Leader: Doctors owe it to their patients to be honest

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The Independent Culture
YOU WOULD need quite a bedside manner to pull this one off. "I'm sorry, Mrs Jones, there is a treatment which could postpone the onset of your ovarian cancer, but it costs pounds 4,000 and I am not allowed to prescribe it on the National Health Service." Everyone knows that this would be an honest description of the reality of the rationing of health care, but should doctors be so direct with their patients? Particularly when the brutal corollary is: "So if you can't afford to go private, you can't have the treatment."

If a doctor knows that a patient could not afford to pay for an expensive drug themselves, would it not be better to be "paternalistic" - as a distinguished cancer specialist puts it in our news pages today - and pretend there is no treatment for their condition? Of course not, and it is curious that it should take the cold logic of the solicitors consulted by the Royal Surrey Hospital NHS Trust to tell the doctors what they should already know.

The lawyers have advised the hospital that its doctors should always be entirely honest and open with patients about their treatment and the financial constraints upon it. On the narrow legal grounds of avoiding action for negligence, honesty is the best policy. But it is the best policy for the patient and for the country as a whole too.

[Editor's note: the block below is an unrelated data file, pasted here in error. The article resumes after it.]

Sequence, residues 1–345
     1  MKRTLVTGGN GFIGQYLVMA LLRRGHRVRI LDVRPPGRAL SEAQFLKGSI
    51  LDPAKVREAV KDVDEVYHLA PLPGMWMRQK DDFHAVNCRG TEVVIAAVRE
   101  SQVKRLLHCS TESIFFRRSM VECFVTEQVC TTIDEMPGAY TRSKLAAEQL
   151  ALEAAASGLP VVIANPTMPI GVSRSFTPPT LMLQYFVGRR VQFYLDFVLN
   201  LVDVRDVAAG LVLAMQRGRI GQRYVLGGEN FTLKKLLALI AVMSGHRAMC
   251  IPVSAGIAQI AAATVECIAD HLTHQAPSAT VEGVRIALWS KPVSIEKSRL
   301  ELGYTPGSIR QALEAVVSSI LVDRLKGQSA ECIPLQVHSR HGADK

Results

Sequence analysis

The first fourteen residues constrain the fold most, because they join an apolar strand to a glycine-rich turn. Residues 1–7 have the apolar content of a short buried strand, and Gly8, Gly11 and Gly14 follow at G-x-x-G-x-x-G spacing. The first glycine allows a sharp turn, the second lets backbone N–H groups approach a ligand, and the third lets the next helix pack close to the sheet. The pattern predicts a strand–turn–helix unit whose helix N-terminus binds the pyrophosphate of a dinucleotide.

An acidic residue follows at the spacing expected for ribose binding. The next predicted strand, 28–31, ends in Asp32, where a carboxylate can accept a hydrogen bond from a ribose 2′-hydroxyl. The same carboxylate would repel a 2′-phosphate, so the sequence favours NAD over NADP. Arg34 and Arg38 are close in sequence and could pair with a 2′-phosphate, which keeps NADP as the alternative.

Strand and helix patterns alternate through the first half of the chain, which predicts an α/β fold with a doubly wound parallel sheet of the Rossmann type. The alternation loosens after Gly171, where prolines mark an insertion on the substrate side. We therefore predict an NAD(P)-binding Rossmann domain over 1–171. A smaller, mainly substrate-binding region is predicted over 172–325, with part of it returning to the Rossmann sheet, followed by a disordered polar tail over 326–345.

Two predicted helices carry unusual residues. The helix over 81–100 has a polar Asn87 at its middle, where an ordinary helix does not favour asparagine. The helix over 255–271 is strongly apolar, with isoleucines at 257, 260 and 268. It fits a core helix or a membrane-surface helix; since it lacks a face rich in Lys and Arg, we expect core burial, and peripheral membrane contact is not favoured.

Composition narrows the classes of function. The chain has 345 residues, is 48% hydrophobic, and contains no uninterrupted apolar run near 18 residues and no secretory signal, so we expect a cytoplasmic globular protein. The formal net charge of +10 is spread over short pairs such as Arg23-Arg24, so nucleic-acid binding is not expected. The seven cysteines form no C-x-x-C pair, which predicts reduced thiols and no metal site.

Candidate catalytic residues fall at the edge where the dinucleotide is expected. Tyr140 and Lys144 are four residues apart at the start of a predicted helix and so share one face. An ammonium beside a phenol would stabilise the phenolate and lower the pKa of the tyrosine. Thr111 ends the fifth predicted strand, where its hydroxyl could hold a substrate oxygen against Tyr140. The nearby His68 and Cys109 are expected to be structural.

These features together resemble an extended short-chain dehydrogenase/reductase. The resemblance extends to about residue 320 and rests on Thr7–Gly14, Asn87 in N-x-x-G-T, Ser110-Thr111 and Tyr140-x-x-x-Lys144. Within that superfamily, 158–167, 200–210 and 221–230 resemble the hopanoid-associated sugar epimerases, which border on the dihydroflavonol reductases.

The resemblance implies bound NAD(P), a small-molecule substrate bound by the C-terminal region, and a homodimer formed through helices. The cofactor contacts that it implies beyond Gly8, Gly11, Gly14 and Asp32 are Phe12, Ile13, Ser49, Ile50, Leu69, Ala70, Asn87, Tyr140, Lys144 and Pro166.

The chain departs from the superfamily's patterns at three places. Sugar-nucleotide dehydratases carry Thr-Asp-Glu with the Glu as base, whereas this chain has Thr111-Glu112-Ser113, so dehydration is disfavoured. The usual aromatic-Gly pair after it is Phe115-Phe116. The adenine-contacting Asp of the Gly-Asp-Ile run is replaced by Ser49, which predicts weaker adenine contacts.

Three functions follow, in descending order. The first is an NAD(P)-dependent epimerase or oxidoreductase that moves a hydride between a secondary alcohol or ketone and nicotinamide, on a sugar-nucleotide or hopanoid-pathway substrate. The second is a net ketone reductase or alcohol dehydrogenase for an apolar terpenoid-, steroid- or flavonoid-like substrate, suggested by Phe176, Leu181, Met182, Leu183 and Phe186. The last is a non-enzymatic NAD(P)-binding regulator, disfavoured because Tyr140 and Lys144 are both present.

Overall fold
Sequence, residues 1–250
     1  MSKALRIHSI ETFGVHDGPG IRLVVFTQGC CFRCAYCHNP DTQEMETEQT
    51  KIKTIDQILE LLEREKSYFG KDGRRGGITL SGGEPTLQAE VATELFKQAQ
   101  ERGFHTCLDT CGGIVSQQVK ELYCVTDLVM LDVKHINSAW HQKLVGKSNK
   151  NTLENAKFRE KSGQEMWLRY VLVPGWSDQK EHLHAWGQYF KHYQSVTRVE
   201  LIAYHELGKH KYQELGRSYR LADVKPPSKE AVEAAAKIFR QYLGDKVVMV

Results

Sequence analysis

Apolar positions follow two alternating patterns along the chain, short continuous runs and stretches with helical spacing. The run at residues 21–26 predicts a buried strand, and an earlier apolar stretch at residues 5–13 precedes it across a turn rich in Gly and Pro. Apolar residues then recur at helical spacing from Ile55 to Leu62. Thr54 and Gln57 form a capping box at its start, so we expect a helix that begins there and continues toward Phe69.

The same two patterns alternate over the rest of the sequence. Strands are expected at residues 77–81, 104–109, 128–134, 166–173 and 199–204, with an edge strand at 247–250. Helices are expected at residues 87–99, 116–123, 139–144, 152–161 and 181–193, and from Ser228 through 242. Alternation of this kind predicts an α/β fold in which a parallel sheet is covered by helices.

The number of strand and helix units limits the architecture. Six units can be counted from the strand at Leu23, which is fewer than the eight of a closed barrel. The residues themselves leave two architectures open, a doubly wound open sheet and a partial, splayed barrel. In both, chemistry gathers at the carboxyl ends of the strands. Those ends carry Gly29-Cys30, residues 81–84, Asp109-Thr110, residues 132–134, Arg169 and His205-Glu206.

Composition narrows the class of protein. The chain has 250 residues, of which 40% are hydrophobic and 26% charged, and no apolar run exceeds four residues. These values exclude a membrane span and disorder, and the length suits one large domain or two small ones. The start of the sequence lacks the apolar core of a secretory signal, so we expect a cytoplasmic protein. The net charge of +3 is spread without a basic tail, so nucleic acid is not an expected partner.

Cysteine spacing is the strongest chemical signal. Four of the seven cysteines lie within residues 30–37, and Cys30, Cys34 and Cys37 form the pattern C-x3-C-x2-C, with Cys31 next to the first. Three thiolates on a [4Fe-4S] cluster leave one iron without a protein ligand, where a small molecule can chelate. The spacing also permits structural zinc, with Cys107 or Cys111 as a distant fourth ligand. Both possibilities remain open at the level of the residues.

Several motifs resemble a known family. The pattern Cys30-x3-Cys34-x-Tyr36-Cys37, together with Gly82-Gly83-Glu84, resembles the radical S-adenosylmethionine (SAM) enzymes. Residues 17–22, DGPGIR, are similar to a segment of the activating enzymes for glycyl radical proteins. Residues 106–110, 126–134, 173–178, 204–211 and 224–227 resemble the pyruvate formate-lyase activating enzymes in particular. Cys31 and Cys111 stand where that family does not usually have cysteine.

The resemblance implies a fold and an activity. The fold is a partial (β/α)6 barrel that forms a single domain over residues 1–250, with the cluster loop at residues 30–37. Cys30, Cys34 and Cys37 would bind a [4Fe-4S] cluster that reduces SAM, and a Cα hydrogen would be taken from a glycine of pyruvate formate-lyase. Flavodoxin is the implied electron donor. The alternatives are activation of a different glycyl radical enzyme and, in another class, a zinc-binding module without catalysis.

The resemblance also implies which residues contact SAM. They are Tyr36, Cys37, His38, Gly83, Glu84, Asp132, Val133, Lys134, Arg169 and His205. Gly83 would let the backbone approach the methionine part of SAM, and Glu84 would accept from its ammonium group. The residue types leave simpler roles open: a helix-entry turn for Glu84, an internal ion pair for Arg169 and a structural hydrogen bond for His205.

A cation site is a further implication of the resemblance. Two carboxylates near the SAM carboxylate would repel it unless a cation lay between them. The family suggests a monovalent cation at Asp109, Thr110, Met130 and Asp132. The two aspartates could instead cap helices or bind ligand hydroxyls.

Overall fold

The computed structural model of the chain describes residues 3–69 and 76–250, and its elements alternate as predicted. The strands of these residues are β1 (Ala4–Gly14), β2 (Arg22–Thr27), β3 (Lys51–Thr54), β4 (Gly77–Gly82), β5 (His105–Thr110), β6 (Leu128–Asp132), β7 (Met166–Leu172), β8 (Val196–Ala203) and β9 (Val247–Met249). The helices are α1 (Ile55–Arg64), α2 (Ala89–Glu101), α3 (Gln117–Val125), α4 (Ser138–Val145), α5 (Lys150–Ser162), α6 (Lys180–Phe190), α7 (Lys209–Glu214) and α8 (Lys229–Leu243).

Fortunately, lying to patients is not the only "paternalistic" attitude of the medical profession which is on the way out. Doctors increasingly accept that they and they alone cannot decide who gets which drugs - that there is a role for the Government acting on behalf of the community as a whole.

The recent dust-up between the doctors and the Government over Viagra, the anti-impotence drug, illustrated this well. The British Medical Association initially took the impossiblist position of insisting that any patient whose doctor prescribed Viagra should get it and Frank Dobson should pay. But who is to decide that Viagra is more important than the cancer drugs on which we report today?

The BMA's annual conference in Belfast today seems likely to take a more sensible view, which is that openness is the best way to encourage informed public debate, which is itself the only legitimate way to put pressure on the Government for more spending on the NHS. But Mr Dobson should be under no illusion: if all NHS trusts took the same line as Surrey County, the outcry over hundreds of hard cases would be bound to put immense pressure on the NHS budget, even with the additional pounds 20bn of spending over this and the next two years. Of course, many of the expensive new "miracle" drugs are not "cures" - what they do is help improve the odds of survival in the lottery of cancer. But there can be little doubt that access to many of them should not depend on private means.